Using tourniquets can save lives. However, it is important to be knowledgeable about the technique. In the 2010 AHA CPR and First Aid Guidelines: the use of tourniquets has been endorsed in both the professional setting and in the public sector. Tourniquets should always be a last resort to effectively stop bleeding and you should always try to control with direct pressure first. The tourniquet should be utilized for extremity bleeding only and placed approximately 2 inches above the injury. It is important to note that the bleeding will become worse before it gets better, continue tightening the tourniquet until bleeding is stopped.
Steps to Apply a Tourniquet:
- Position and tie the tourniquet 2 inches above the injury
- Apply a windlass
- Twist the windlass until bleeding stops
- Note the time the tourniquet was applied
Specifically designed tourniquets do work better than improvised ones. Make sure to note the time in which the tourniquet is applied and pass this information on to EMS providers. There are potential dangers in prolonged tourniquet application, but the benefits of controlling life threatening bleeding outweigh the risks.
Tourniquets were not endorsed for a wide range of studies as they can damage soft tissue, and applied incorrectly they can make bleeding worse. It wasn’t until the most recent military experience that they were brought back into use. Military study in the Middle East conflict proved them to be a necessity, and has pushed medicine to explore great advances in limb re-perfusion. Now they are being utilized even in surgical settings- enabling doctors to limit bleeding in the controlled setting as well.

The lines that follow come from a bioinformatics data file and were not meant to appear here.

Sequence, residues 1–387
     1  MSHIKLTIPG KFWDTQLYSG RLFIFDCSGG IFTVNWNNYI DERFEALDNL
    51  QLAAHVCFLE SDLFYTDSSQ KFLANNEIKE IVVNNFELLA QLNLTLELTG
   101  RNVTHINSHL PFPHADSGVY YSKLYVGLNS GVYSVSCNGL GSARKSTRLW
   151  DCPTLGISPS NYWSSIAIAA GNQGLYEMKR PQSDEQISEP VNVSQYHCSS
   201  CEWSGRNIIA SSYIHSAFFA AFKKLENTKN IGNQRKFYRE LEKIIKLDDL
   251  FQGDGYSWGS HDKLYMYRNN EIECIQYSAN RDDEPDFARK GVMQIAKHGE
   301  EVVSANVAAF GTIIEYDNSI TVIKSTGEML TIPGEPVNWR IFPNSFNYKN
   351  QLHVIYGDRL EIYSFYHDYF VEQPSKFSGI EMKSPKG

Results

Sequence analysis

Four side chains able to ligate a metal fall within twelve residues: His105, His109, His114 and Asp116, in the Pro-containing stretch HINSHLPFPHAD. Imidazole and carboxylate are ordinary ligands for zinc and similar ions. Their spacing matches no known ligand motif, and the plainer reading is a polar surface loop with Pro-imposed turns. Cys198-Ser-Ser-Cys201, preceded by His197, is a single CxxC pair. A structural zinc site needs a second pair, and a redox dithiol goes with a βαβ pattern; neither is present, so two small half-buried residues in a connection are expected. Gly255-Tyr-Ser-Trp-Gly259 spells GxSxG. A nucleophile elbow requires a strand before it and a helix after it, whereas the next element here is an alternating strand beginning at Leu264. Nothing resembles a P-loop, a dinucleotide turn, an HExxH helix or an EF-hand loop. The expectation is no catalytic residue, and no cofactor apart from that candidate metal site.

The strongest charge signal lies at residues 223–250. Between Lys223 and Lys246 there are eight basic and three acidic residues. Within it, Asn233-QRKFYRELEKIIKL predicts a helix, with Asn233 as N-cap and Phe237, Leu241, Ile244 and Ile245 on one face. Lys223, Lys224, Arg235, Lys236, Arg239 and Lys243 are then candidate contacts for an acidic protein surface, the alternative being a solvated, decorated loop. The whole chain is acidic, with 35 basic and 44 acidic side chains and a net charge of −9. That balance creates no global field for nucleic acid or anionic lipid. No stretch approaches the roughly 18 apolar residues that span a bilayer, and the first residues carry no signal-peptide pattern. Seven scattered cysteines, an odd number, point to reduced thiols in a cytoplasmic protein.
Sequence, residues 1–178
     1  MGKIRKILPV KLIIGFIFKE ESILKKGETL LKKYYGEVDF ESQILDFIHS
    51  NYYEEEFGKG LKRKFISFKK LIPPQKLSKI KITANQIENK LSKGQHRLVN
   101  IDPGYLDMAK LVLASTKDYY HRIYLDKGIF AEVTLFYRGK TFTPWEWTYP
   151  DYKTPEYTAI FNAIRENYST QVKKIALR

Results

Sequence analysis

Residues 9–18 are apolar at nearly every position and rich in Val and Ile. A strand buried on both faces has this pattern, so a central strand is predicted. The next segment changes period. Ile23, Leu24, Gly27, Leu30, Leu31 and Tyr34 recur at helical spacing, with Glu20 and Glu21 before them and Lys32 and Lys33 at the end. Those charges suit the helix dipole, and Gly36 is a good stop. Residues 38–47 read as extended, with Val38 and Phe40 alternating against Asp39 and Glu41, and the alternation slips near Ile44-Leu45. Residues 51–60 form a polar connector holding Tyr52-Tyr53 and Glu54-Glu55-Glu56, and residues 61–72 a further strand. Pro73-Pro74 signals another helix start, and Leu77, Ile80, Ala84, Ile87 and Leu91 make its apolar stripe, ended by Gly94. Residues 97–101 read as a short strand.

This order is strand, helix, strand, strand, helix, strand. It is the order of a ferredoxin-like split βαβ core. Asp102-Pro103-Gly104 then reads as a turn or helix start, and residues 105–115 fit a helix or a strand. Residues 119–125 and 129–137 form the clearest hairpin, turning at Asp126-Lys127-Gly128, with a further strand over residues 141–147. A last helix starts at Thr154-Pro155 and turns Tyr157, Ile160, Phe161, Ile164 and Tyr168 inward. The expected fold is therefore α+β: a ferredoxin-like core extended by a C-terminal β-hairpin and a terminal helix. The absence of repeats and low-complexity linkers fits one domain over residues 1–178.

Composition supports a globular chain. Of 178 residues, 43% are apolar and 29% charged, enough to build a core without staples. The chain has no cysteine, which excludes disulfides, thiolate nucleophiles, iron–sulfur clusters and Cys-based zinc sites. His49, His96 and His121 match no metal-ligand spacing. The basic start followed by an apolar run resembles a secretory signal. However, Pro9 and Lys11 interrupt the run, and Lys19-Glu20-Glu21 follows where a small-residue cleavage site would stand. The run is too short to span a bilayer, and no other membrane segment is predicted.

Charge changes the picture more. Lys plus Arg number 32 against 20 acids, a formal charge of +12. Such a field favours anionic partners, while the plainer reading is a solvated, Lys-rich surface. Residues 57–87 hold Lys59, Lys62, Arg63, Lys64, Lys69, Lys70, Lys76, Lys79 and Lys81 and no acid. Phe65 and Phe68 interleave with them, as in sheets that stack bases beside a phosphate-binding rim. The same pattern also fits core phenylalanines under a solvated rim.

The American Academy of Dermatology designated May as National Melanoma Skin Cancer Prevention month and the main purpose is to raise awareness about skin cancer. Skin cancer is the most common type of cancer in the United States and is the result of accumulated sun damage to the skin over long periods of time.
Early detection is crucial in the fight against melanoma, because it does not respond well to chemotherapy and the best course of action if to remove the affected area. If not caught early, it can spread internally to other parts of the body.
There are 3 types of skin cancer:
- Melanoma or mole cancer – appears as a dark brown spot that will slowly increase in size. Usually different shades of brown, blue or black can occur within the spot. While they can appear anywhere, the most common areas are the back, arms, and legs. This type of cancer is very serious and can spread internally. Remember early detection is the key.
- Basal Cell Carcinoma – this is the most common type of skin cancer and usually occurs on the head, neck, back or chest. It can appear in different forms, but the majority of the time it looks like a small pink or pearly raised bump that later develops as a non-healing sore within its center. It will slowly enlarge and gradually grow deeper and deeper into the skin. This type of cancer usually does not spread internally and can be treated quickly and easily if caught early.
- Squamous cell carcinoma – occurs most likely on the head, neck, hands and arms. Its appearance is rough, warty-like yellowish and hard with a pink edge. The center can erode causing a sore that will bleed easily. This type of cancer will spread and is usually confined to the lymph node glands beneath the skin. Again, easily treated if caught in time!
How can you prevent skin cancer?
2 words—-APPLY SUNSCREEN! Sunscreens are most effective when applied 20-30 minutes before sun exposures. Also, keep in mind approximately one ounce is needed for an adult body. It’s that easy, using a sunscreen of 30 SPF or higher and regularly applying to the constantly sun exposed areas is all you have to do! You should also avoid intentionally tanning your skin either with natural light or a tanning bed.